The International Rescue Committee provides opportunities for refugees, asylees, victims of human trafficking, survivors of torture, and other immigrants to thrive in the United States. These individuals have survived against incredible odds. Each year, thousands of people seeking protection from violence and persecution are welcomed into local communities in the U.S. In Sacramento and other offices across the country, the IRC helps them rebuild their lives.
Our programs are designed to ensure that you, as a refugee, thrive in America--whether ensuring your children are enrolled in school, or as adults you're becoming self-reliant through employment or starting businesses, or your family is receiving the acute medical care they need to recover from trauma or illness. The IRC helps you if you're in need to rebuild your life and regain control of your future in your new home community.
Our programs in Sacramento are established to help you. These programs include:
As refugees, you are greeted and welcomed at the airport by IRC case workers and volunteers to ensure that your transition is as comfortable as possible. The IRC also makes sure you, as a newly arrived refugee, receive:
- A furnished home
- Help with rent
- Health care
- Nutritious, affordable food
- English language classes
- Help building job, computer, and financial literacy skills
- Education for their children
- Social services and community support
- Legal services towards residency and citizenship
We support people who have been displaced from their homes by things like conflict, violence, and persecution. Though their technical status may vary, one thing these individuals have in common is that they are seeking safety and an opportunity to move their lives forward.
This includes people with refugee status, those seeking or recently granted asylum, victims of human trafficking, survivors of torture, and more. In recent years, many have come from countries like Afghanistan, Ukraine, Syria, Guatemala, El Salvador, Eritrea, and Iran.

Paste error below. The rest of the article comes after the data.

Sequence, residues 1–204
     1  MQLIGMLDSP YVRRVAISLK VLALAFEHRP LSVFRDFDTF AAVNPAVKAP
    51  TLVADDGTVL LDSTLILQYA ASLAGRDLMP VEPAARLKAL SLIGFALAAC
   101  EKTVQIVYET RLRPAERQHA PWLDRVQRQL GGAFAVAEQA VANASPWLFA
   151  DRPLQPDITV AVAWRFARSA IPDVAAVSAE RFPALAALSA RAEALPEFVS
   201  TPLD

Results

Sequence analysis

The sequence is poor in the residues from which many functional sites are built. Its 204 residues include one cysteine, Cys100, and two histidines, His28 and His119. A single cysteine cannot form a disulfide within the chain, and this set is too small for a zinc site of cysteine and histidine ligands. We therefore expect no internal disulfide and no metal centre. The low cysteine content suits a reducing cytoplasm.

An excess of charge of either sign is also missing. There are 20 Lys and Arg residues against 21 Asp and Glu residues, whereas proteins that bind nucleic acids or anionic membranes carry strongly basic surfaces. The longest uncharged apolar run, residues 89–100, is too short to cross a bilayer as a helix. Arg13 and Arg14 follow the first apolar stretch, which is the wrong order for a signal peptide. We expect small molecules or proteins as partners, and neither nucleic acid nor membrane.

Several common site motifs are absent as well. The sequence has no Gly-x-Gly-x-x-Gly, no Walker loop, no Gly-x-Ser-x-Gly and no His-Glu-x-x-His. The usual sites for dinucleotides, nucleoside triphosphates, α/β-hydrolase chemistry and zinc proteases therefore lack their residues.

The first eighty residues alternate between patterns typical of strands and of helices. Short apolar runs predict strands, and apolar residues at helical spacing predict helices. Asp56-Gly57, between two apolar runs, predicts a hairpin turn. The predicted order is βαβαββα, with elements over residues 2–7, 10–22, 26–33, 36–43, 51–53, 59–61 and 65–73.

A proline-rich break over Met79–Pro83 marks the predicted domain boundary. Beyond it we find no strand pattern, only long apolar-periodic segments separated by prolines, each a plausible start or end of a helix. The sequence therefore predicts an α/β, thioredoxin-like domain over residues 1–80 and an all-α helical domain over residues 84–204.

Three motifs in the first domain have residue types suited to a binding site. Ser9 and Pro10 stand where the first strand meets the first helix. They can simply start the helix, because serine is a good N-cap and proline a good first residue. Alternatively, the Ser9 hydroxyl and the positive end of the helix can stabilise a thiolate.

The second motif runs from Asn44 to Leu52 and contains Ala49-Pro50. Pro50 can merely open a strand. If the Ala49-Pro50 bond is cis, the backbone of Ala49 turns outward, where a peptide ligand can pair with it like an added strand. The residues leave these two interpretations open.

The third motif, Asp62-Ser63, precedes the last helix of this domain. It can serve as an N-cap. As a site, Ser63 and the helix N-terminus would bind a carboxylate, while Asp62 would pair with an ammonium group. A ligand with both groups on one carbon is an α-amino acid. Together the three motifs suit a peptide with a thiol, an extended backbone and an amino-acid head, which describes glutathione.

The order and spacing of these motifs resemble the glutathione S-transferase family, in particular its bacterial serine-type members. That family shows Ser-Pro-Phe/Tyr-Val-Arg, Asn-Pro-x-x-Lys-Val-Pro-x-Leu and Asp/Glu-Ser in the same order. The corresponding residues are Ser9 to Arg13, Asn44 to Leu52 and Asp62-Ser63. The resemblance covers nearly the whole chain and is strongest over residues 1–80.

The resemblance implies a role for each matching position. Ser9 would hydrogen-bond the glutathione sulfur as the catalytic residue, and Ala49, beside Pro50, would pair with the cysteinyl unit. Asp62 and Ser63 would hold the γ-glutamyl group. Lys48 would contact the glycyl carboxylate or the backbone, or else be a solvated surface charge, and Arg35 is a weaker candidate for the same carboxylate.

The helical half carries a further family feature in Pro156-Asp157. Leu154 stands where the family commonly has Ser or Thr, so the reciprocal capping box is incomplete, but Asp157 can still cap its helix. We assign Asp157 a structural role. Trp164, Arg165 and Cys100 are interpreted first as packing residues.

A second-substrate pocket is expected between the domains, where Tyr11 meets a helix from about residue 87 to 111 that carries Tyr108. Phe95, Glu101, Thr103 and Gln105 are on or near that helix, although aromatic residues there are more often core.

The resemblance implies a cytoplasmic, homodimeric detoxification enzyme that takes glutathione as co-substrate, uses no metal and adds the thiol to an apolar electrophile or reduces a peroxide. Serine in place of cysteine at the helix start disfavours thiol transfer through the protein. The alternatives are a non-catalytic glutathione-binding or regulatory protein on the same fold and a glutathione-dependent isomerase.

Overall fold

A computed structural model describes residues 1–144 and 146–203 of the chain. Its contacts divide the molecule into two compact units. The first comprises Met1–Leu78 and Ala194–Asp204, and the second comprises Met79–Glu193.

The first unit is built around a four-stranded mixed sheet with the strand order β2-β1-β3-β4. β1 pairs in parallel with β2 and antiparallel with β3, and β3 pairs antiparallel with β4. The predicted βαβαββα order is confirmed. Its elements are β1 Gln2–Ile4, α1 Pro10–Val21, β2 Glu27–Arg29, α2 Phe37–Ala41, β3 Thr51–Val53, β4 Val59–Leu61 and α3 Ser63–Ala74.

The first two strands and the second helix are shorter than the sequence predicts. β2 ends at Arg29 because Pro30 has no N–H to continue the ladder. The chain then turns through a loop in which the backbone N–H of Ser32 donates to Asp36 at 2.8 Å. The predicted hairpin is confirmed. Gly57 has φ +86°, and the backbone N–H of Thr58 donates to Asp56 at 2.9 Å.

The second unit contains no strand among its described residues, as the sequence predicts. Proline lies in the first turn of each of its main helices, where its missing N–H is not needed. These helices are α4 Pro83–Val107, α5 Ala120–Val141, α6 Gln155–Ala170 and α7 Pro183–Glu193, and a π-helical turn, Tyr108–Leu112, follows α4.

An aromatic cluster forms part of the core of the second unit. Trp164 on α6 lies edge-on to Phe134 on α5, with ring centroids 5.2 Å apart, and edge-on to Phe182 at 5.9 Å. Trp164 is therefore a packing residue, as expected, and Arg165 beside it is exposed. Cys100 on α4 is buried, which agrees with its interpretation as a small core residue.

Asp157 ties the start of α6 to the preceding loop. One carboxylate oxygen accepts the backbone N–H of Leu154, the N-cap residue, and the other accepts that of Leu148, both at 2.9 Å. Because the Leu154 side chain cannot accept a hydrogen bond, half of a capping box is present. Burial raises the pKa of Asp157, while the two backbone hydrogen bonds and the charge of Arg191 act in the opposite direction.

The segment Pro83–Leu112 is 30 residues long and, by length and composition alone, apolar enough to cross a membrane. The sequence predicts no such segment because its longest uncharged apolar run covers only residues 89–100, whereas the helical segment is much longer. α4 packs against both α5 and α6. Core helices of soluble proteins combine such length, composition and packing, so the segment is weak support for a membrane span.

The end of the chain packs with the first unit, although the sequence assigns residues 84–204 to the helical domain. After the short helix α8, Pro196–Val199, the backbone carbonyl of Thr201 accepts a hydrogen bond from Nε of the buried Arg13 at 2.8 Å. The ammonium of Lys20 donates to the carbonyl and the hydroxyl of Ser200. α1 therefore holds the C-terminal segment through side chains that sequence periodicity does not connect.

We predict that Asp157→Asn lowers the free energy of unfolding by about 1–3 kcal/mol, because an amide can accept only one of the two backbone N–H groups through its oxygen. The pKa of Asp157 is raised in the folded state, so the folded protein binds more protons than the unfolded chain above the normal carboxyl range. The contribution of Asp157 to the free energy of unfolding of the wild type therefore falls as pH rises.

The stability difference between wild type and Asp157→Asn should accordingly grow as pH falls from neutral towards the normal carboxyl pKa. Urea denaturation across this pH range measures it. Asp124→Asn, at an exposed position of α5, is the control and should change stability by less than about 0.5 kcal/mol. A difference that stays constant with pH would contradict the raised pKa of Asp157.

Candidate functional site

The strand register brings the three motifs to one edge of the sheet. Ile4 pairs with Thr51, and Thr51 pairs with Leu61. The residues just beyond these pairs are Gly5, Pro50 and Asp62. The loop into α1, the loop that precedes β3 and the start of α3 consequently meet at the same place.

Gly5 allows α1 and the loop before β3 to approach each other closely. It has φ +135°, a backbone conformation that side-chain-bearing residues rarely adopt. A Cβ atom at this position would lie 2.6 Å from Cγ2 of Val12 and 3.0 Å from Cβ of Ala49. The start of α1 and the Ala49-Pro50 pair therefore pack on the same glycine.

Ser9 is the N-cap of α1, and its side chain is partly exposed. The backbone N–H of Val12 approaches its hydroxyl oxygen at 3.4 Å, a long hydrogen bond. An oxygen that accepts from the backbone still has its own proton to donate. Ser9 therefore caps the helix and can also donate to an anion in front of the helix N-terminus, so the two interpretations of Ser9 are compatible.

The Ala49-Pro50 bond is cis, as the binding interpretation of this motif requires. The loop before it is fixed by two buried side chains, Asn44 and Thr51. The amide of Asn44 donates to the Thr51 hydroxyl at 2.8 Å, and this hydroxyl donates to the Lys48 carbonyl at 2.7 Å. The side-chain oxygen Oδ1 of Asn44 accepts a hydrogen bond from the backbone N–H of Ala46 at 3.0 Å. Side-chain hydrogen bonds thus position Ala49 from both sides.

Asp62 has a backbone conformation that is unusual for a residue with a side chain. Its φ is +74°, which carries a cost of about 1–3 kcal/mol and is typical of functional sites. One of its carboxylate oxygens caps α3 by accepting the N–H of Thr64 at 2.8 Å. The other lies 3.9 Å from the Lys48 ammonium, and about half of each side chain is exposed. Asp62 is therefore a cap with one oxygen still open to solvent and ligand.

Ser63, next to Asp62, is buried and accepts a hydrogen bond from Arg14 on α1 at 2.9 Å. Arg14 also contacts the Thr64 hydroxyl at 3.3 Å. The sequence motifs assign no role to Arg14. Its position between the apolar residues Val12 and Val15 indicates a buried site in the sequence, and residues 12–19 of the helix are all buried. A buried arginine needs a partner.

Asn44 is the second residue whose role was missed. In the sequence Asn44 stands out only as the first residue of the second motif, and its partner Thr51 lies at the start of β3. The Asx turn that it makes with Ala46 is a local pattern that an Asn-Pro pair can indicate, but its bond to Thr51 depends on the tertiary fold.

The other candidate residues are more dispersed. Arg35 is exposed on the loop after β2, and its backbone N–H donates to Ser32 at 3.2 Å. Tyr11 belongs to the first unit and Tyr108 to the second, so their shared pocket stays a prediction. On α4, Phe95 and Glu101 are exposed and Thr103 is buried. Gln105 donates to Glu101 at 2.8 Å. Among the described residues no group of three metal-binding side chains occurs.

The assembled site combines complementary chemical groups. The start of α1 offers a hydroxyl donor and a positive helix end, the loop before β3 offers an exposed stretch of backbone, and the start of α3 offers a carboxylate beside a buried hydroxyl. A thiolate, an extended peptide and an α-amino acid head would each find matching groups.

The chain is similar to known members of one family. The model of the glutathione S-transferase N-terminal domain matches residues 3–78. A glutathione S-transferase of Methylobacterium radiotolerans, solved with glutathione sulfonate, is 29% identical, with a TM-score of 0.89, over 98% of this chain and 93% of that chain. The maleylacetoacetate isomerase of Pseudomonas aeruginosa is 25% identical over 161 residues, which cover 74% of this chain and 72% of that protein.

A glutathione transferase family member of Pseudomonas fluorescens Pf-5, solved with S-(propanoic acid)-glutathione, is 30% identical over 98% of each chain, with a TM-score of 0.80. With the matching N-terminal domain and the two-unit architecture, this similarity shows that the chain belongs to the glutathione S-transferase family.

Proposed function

Those with refugee status come to the U.S. through the U.S. Refugee Admissions Program, which partners with the IRC and nine other national resettlement agencies to help them restart their lives. Out of the 35.3 million refugees worldwide, fewer than 1 percent are considered for resettlement.
The United States has a rich history of sheltering those fleeing conflict, violence, and persecution—a tradition the IRC is proud to carry on in Sacramento today.
Communities across Northern California are some of the nation’s most welcoming and are rich with resources to support refugees and immigrants. That’s why so many newcomers have made their home here.
With support from people like you, the IRC helps newcomers as they rebuild their lives and regain control of their futures. Together, we walk alongside our new neighbors from the moment they arrive, helping them find work and start businesses to become self-reliant, enroll their children in school, and access the healthcare they need to recover from trauma and illness.
As families adjust to life in the U.S., the IRC provides holistic support, ensuring they remain in stable housing, have access to nutritious food and quality health care, and develop computer, job, and financial literacy skills. We also provide legal services to help individuals become residents, citizens, and reunite with their families.
There are many ways that you can get involved with the IRC’s work in Sacramento. You can:
Donate: Give a tax-deductible financial contribution either via the website or send it to our office.
Volunteer process and opportunities: Read the steps you need to go through to become an IRC volunteer and see our current list of volunteer opportunities here.
Internship opportunities: See our current list of internship opportunities here.
New or gently used items needed for refugees: We’re collecting bicycles, computers, child seats, and strollers for newly arrived refugees.
Spread the word: Consider hosting a fundraiser via Crowdrise. Stay connected by following us on Facebook and ask others to do the same!
Once they acclimate to their new environment, refugees contribute to their communities in many ways as they build their careers, purchase homes, and gain citizenship. They help enrich our local communities by creating cultural and social diversity.
Additionally, research shows that refugees contribute more to the U.S. economy than they consume in public benefits and start businesses and higher rates than their native-born counterparts.
people in the U.S. received asylum and protection support.
IRC offices across the U.S. provide immediate aid--including food, housing and medical attention—among other support.Learn about resettlement and asylum